Surveillance conducted by British intelligence agency GCHQ does not contravene human rights, a tribunal has heard, despite warnings from civil and internet liberties activists.
The decision was made by the Investigatory Powers Tribunal (IPT), after the case was brought to British courts by a collection of civil liberties groups including Privacy International, Amnesty International and Liberty earlier this year.
According to the IPT, it could only find one area of surveillance procedures that they were concerned about, regarding whether they would breach internet users’ right to privacy.
The groups claimed their private communications may have been monitored by GCHQ’s electronic surveillance program, Tempora, and that international programs, including PRISM – exposed by former NSA contractor Edward Snowden – may have shared their confidential information with British intelligence services.
According to the rights groups, spy agencies may have unlawfully collected data – including metadata that fell outside their legal parameters under the controversial Regulation and Investigatory Powers Act (RIPA), and in turn may have breached the Human Rights Act and the Intelligence Services Act regarding surveillance.
Summarizing the judgment, the Tribunal said: “Save in one possible (and to date hypothetical) respect, we have ruled that the current regime, both in relation to PRISM and Upstream [intercept programs] … when conducted in accordance with the requirements which we have considered, is lawful and human rights compliant.”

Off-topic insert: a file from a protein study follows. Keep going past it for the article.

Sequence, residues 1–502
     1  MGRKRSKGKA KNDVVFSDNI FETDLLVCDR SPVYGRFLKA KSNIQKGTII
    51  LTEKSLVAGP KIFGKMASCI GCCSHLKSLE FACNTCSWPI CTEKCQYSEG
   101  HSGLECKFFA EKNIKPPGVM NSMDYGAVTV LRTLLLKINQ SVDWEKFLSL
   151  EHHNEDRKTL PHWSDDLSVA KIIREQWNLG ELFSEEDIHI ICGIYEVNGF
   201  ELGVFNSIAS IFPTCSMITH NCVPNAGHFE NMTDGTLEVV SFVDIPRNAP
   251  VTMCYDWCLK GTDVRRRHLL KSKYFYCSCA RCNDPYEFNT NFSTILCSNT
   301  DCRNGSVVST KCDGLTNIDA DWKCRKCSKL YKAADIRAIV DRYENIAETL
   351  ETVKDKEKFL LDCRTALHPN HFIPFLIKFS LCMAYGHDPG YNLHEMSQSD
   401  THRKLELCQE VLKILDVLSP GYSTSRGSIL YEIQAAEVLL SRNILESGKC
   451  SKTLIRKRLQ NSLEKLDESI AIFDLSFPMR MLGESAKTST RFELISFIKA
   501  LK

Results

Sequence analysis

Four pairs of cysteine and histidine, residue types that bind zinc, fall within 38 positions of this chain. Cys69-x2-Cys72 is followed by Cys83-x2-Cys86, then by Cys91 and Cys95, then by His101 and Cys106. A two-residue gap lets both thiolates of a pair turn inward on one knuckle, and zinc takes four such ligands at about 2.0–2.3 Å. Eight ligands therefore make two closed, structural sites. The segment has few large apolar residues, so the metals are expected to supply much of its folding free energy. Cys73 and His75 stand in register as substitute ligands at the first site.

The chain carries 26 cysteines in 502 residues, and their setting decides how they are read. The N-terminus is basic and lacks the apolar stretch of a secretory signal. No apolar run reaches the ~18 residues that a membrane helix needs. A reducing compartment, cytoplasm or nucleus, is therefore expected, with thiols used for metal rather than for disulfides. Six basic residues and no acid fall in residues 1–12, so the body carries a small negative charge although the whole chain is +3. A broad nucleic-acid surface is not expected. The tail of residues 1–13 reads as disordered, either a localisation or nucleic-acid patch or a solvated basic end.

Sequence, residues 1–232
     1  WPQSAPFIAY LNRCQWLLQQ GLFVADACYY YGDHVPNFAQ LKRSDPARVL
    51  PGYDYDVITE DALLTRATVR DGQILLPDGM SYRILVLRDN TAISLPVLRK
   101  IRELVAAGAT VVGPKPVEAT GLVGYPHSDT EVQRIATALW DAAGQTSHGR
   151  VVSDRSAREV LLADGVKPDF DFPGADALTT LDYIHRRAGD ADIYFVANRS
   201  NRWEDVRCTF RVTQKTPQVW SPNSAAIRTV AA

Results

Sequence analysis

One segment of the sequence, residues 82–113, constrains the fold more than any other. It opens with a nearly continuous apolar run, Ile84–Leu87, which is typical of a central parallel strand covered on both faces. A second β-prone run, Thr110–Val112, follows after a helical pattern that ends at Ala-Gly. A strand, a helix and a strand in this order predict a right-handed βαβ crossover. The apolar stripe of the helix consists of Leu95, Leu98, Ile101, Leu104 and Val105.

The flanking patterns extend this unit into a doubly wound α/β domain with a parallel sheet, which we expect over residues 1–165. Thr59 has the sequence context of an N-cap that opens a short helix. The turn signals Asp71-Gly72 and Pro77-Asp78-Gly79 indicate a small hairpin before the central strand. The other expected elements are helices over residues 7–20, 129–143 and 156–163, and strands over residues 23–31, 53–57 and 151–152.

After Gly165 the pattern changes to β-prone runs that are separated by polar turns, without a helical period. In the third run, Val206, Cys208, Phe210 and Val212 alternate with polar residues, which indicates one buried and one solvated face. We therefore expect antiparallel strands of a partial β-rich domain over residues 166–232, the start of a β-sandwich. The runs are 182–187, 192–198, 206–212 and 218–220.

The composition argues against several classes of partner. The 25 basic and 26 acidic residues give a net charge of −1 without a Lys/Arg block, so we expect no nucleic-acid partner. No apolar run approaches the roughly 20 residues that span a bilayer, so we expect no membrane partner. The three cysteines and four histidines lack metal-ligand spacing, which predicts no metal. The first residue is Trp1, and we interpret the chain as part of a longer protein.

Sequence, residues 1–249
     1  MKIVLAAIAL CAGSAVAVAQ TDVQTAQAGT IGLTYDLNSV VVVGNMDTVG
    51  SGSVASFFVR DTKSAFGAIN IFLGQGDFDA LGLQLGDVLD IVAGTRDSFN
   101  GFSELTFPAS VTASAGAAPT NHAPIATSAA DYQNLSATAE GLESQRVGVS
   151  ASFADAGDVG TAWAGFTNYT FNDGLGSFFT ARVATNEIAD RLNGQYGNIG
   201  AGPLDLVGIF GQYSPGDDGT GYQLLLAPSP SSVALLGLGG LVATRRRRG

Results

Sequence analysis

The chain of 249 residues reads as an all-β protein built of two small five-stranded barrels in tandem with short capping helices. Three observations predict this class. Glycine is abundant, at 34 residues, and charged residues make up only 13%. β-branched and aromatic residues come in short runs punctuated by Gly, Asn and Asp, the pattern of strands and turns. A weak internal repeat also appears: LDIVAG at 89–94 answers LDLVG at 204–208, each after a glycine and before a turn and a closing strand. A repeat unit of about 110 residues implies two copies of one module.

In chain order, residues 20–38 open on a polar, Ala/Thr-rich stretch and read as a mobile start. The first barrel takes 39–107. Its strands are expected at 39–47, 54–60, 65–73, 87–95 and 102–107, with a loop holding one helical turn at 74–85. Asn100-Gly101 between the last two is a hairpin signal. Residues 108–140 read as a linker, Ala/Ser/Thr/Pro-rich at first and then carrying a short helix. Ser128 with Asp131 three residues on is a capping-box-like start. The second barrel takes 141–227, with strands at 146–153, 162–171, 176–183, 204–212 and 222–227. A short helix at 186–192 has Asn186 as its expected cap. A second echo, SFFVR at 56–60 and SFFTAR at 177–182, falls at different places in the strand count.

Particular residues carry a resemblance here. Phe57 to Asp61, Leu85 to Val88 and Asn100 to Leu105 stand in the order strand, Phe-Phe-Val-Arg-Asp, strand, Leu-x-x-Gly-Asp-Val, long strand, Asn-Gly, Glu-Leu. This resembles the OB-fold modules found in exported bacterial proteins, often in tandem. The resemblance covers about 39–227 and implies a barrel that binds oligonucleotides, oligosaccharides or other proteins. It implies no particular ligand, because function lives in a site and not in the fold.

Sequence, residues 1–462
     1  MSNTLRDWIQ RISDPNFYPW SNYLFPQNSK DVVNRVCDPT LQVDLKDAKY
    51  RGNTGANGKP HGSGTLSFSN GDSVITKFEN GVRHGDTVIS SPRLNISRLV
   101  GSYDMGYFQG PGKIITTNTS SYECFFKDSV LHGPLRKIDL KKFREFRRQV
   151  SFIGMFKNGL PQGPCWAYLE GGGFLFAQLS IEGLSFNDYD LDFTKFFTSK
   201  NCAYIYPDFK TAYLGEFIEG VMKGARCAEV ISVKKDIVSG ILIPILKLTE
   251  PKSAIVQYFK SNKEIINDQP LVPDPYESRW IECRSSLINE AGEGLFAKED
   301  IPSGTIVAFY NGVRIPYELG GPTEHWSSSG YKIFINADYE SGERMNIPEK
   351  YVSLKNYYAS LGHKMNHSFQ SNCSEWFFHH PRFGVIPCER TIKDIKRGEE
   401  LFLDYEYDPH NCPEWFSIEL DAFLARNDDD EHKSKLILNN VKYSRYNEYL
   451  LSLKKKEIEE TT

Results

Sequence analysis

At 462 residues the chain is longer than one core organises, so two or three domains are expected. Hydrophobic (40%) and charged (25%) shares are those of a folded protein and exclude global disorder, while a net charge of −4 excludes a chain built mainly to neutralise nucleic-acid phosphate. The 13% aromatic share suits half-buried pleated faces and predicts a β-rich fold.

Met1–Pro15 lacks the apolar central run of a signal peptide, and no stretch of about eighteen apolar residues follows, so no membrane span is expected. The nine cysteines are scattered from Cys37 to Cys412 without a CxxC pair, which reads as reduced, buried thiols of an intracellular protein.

“Technology in the surveillance field appears to be advancing at breakneck speed. This has given rise to submissions that the UK legislation has failed to keep abreast of the consequences of these advances and is ill-fitted to do so; and that in any event parliament has failed to provide safeguards adequate to meet the developments.”
The Tribunal said assumptions that UK spy agencies were able to monitor everything without oversight was incorrect.
During the Tribunal, the government’s senior security officer Charles Farr explained how the UK government could monitor emails or phone calls made abroad, deeming them as “external communications,” although Farr said he “could not confirm or deny” that a spy program called Tempora existed.
“The proceedings forced the government to disclose secret policies governing how foreign intelligence agencies, including the NSA, share information with GCHQ,” said Carly Nyst, Privacy International’s legal director.
“Privacy International believes that the fact that these secret policies are only now public because we have forced their disclosure in court means that such rules could never make the actions of GCHQ in accordance with the law,” she said. “The IPT must find that secret law is not law, and should at the very least rule that all UK access to PRISM was unlawful prior to today.”
Earlier this month, a damning report produced by the Intelligence and Security Committee revealed that GCHQ was receiving more information from the internet than it could feasibly process.
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